Perhaps as students at a university fortunate enough to be visited by the Dalai Lama, it would be wise for us to educate ourselves concerning the history of the Tibetan people and their struggles, apart from Brad Pitt’s dramatization of it in Seven Years in Tibet. Yes, Brad Pitt is incredibly good-looking and the movie seemingly acts as a tribute to that handsome visage in that he remains gorgeous even frost-bitten, climbing up a mountain for the majority of the movie. But a non-fictional display showing the real, unadulterated personal experiences of people in Tibet is on display on the second floor of the Richter Library and it shouldn’t be missed.
Although widely publicized in the innumerable E-Veritas emails we University of Miami students receive on a weekly, seemingly daily basis, the art exhibition of photographic collections and personal vignettes describing the history of Tibet (in effect, why we love the Dalai Lama so much) entitled, “A Long Look Homeward” has probably not been visited by many. This is a shame though, as the exhibition is nevertheless awe-inspiring.
Tibet was a free and independent country with the Dalai Lama serving as the spiritual head as well as government leader until 1949 when China invaded the country. The Chinese government attempted to force the Tibetan people into conformity, destroying their religious artifacts, culture and ultimately attempting to destroy their national identity. They turned parts of Tibet-a country called by the Dalai Lama, “our land of snow”- into nuclear test sites and a dumping ground for nuclear wastes. In one of their reform movements, they attempted to “re-educate” the monks and nuns. Basically, this “re-education” was an attempt to have them denounce the Dalai Lama and everything their religion stood for.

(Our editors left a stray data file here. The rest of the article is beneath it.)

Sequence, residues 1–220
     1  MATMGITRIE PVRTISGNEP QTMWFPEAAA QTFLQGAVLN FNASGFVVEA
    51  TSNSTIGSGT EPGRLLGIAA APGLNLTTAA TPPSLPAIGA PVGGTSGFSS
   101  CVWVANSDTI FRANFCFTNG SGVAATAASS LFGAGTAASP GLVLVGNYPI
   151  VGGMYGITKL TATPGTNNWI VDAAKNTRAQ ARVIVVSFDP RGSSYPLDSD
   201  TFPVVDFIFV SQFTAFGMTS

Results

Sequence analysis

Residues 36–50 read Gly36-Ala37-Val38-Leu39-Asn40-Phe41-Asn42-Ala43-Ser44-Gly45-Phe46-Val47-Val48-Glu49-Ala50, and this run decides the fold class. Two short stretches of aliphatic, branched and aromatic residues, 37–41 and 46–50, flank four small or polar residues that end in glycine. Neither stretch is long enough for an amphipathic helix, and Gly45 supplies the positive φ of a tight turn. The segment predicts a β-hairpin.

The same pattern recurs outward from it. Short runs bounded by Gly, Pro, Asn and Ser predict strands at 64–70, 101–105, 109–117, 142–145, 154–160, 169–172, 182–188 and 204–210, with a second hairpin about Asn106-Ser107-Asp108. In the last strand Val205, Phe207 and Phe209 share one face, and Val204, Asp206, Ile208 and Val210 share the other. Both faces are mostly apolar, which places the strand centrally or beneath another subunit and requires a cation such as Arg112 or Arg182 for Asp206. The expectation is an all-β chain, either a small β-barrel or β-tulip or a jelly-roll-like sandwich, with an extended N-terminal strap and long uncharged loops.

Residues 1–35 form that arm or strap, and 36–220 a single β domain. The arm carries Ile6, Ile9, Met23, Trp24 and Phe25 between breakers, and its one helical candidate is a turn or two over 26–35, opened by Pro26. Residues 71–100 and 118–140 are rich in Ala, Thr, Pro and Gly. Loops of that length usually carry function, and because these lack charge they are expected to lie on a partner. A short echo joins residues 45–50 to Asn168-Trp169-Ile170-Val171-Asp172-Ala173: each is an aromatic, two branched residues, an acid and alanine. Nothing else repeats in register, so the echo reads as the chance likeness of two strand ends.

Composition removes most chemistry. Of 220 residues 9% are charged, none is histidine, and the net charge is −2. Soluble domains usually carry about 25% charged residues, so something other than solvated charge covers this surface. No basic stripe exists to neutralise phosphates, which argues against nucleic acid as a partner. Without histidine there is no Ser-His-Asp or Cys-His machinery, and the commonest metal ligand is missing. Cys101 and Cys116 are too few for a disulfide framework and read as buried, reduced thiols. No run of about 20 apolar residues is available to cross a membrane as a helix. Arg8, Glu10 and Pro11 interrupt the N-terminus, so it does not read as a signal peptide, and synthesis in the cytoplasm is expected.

Over one million Tibetans died from the Chinese oppression due to execution, torture, hunger, or labor camps. The Tibetan military responded with a guerilla movement to resist Chinese rule, while 100,000 Tibetans escaped to neighboring friendly countries such as India. Escape included hiking up mountains of snow for weeks. Many of the photographs were grotesque, showing deformed feet that suffered frostbite.
The exhibit is a realistic showing of what the Tibetan people have suffered. Today, because of China’s encouragement of their people to migrate into the country, Tibetans are a minority in their own land.
On the last panel on display, the Dalai Lama had written of his preference for a free democracy in his country.
“There are many political systems of which the most viable is the one that gives people the opportunity to take collective responsibility and elect their own leaders.”
Exhibits like “A Long Look Homeward,” show us how important of a symbol the Dalai Lama is to his people, the honor it is to host him, and remind us of how lucky we are to live in a country where our freedoms are protected.
Melanie Klesse can be contacted at firstname.lastname@example.org.